Employers In South Africa need to take note of the provisions of the new Code of Practice: Managing Exposure to the SARS-COV-2 In the Workplace 2022 which was issued on 15 March 2022. Melanie Hart and Eben van Zyl, directors at Beech Veltman, examine some of the issues.
The national state of disaster, with its various “alert levels” which South Africans have grown accustomed to over the last two years, has had a significant impact on businesses and the way employers are required to staff and manage their workplaces.
While many industries are waiting with bated breath for the end of the national state of disaster – now extended to 15 April 2022 – they need to pay careful attention to the new Code of Practice issued by the Minister of Employment and Labour which will come into force upon the expiry of the national state of disaster.
The Occupational Health and Safety Act, 1993 (Act No. 85 of 1993) (OHSA), read with its regulations and incorporated standards, requires employers to provide and maintain a safe working environment for workers, and to take practical steps to limit or mitigate hazards or potential hazards to which employees may be exposed.
OHSA further requires employers to ensure, as far as possible, that anyone who may be directly affected by their activities is not exposed to hazards to their health or safety. This also applies to self-employed persons like plumbers or electricians whose working activities bring them into contact with members of the public. The Code of Practice applies to any premises of an employer where a person performs work, excluding mines, mining areas or works.
The identifiable hazard relating to Covid-19 is the risk of the virus infecting a worker, the virus transmission by an infected person to other workers in the workplace, and the risk of serious illness or death if infected. In the workplace to which the public has access, the hazard includes transmission of the virus by members of the public. Each situation requires special measures to be implemented in order to prevent infection and transmission of the virus or mitigate the risk of serious illness or death.
The Code of Practice requires employers to undertake a risk assessment to give effect to its obligations under OHSA and to develop or amend its existing Covid-19 management plan to include any measures to be implemented in respect of the vaccination of its employees. Employers are required to notify workers on its premises of the contents of the Code of Practice, its Covid-19 management plan, and the manner in which the employer intends to implement it. Section 15 of the Code of Practice provides that every worker is obliged to comply with the employer’s Covid-19 management plan.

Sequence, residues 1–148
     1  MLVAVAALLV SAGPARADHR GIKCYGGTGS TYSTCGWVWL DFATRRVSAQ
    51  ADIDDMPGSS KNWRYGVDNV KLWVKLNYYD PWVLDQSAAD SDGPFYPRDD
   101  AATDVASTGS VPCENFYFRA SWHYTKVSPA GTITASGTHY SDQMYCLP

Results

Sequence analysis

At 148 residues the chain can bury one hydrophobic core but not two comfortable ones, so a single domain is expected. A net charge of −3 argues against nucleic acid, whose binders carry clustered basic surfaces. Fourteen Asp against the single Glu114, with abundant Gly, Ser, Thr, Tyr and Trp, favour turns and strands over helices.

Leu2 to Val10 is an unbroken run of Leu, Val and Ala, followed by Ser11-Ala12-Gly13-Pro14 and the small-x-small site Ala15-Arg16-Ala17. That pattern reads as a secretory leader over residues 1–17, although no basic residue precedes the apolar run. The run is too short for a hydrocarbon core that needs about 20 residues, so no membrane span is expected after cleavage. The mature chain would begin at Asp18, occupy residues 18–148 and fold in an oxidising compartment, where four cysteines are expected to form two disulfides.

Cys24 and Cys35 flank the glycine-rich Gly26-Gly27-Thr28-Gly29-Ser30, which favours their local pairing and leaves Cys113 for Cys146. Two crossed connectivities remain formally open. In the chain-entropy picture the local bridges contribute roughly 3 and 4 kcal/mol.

The Code of Practice may enable employers to implement a Covid-19 management plan that incorporates the vaccination of its workforce, and employees are obliged to comply with the plan.
The Code of Practice obliges every employer to, amongst other things, notify employees of the obligation to be vaccinated if this is part of their management plan. An employer may also require their employees to disclose their vaccination status and to produce a vaccination certificate. If an employee refuses to be vaccinated, the employer must counsel the employee and take steps to reasonably accommodate the employee in a position that does not require them to be vaccinated.
Whilst the lapsing of the national state of disaster with its associated “alert levels” may be imminent, the impact of Covid-19 in the workplace will continue to be felt by employers and employees alike, for the foreseeable future.
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